Mt. Daguldol and Laiya

dagundong-daguldol-26 Continue reading “Mt. Daguldol and Laiya”


La Union, April 2016

Processed with VSCO with e3 presetSan Juan, La Union – a veritable surf town, a paradise for backpackers, and a very accessible getaway for those who want to ride waves, relax, and slow down time for a little bit, for a little while, or forever.

It wasn’t hard to understand why so many people I know (friends, co-workers, people I stalk on Instagram) have fallen hard for this place. On the weekend we headed there, the swell was barely present, but we managed to get a couple of hours of lazy waves. Next time, we’ll make sure to check out those wave forecast websites.  Continue reading “La Union, April 2016”

Liwliwa, March 2016


Right before the Lent break last month, we drove one late evening to Katipunan to meet hostel co-owner Raf Dionisio, loaded his 15 sacks of ube seedlings into the back of a 4×4 pickup, breezed through EDSA and TPLEX, and spent a day among several Aeta communities in Liwliwa, Zambales. His story, along with 2 other people who for us exemplify what being “built tough” means, shall be published in Rappler this month.  Continue reading “Liwliwa, March 2016”

Norte, February 2016

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Went to Ilocos with a few good friends two weekends ago. At one of the northernmost provinces of the Philippines, we found good food, scary waves, icy mint waters, and a breathtaking awareness and gratitude for nature’s Creator.

More photos after the jump!  Continue reading “Norte, February 2016”

Until tomorrow

Miss you sea you

Crystal Cove, Boracay, May 2014


Heart Sign Calaguas
I turned 26 yesterday and I’m glad to have had this beach trip to have some downtime.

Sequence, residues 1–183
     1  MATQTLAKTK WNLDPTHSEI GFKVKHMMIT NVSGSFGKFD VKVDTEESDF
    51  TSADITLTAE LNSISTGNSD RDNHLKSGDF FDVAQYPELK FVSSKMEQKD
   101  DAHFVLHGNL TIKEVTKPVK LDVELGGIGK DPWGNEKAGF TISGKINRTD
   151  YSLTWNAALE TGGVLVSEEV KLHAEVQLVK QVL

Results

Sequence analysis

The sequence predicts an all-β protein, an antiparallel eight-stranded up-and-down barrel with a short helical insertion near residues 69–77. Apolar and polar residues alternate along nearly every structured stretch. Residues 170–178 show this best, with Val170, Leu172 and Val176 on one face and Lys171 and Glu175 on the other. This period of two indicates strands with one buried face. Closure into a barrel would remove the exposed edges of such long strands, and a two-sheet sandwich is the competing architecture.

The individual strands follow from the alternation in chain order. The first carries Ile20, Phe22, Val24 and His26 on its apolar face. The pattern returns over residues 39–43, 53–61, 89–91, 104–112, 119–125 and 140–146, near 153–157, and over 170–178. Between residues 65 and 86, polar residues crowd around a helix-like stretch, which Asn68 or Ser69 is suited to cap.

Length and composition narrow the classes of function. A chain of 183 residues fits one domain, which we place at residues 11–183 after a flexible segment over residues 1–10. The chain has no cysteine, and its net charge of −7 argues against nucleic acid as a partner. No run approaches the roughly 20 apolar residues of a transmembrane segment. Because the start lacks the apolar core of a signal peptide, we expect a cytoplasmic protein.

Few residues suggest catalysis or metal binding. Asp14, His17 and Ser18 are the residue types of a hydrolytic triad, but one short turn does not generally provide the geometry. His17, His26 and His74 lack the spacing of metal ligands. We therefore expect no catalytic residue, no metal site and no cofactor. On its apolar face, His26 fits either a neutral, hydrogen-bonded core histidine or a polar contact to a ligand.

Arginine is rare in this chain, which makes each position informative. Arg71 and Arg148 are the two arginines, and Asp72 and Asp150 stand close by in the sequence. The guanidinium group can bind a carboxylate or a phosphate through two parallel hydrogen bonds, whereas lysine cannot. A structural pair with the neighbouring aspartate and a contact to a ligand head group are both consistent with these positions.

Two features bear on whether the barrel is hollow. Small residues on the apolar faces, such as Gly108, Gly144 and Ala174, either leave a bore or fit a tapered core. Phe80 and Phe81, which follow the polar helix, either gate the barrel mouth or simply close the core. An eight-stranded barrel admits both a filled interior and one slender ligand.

I spent Independence Day weekend (and my birthday weekend) out of town, away from any phone or internet, and as close to Mother Nature as possible. We found a fairly undisturbed paradise in Calaguas, a small island group in the neck of Camarines Norte.

Calaguas Map
The biggest island, Tinaga, is 2 hours away from Paracale via boat. We visted three other islands – Balagbag Maliit, Balagbag Malaki, and Maculabo – during our stay.

Calaguas is beautiful, plain and simple. The islands have been declared a conservation area by DENR, so no buildings or resorts will ever be built there (although the beaches already belong to private owners). No resorts, few motorbikes. The locals live on the other side, but some of them settle on the beach to provide assistance to visiting campers.

My high school classmates – happy to have been with such a game and laidback group!
calaguas day 1-31
The view from the hill – we could see our hut all the way from there; and the other side of Tinaga too.

Mahabang Buhangin, the beach where we stayed at, is literally long. I think it’s as long as Boracay, but try to imagine it with Caramoan’s pristine, quiet, uninhabited quality and superfine white sand. The water is unbelievably clear.


calaguas day 1-27

We slept on tents, built our own coal fire, cooked our own food (though that was mostly Ranie), and basically spent the past 3 days just swimming, trekking, and enjoying the magical beauty around and under us.

calaguas day 3-20

We climbed hills, did snorkeling (this was my favorite, it was my first time and it was awesome to see a live, colorful forest under the water!!!), got to know the locals and how the tourism is helping bring income to their barrio, ate the freshest seafood and got really really burnt.

calaguas day 2-19
At the top of Balagbag Malaki’s hills
These locals can’t get enough of the water too

I think this was a good way to turn 26 – to be able to sit back and to do NO thinking at all. I’ve spent the past year accomplishing some milestones, but I’ve also been in such a warped state of worry because life is life and I’m getting old and I really need to start seriously thinking, preparing, and saving for a lot of things.

This weekend, I felt really OK. I can’t let go of the anxiety, but I can lose some of the fear. I feel that I can do that this year. So there.